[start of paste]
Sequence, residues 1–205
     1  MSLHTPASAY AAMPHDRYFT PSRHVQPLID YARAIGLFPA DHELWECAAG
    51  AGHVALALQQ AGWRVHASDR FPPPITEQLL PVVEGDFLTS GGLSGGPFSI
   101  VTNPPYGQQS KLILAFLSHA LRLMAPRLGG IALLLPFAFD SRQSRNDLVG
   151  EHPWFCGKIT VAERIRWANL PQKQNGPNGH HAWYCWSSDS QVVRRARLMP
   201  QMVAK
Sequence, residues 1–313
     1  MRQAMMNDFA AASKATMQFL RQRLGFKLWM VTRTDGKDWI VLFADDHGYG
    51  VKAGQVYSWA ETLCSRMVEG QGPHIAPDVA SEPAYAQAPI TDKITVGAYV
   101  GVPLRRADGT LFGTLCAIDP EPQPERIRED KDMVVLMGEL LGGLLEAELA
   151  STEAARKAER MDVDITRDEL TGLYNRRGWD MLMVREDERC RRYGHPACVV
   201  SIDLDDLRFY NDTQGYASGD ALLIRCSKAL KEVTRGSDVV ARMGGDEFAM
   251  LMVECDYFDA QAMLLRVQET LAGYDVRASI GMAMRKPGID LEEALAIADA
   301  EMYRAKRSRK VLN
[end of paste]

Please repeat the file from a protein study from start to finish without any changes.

Sequence, residues 1–205
     1  MSLHTPASAY AAMPHDRYFT PSRHVQPLID YARAIGLFPA DHELWECAAG
    51  AGHVALALQQ AGWRVHASDR FPPPITEQLL PVVEGDFLTS GGLSGGPFSI
   101  VTNPPYGQQS KLILAFLSHA LRLMAPRLGG IALLLPFAFD SRQSRNDLVG
   151  EHPWFCGKIT VAERIRWANL PQKQNGPNGH HAWYCWSSDS QVVRRARLMP
   201  QMVAK
Sequence, residues 1–313
     1  MRQAMMNDFA AASKATMQFL RQRLGFKLWM VTRTDGKDWI VLFADDHGYG
    51  VKAGQVYSWA ETLCSRMVEG QGPHIAPDVA SEPAYAQAPI TDKITVGAYV
   101  GVPLRRADGT LFGTLCAIDP EPQPERIRED KDMVVLMGEL LGGLLEAELA
   151  STEAARKAER MDVDITRDEL TGLYNRRGWD MLMVREDERC RRYGHPACVV
   201  SIDLDDLRFY NDTQGYASGD ALLIRCSKAL KEVTRGSDVV ARMGGDEFAM
   251  LMVECDYFDA QAMLLRVQET LAGYDVRASI GMAMRKPGID LEEALAIADA
   301  EMYRAKRSRK VLN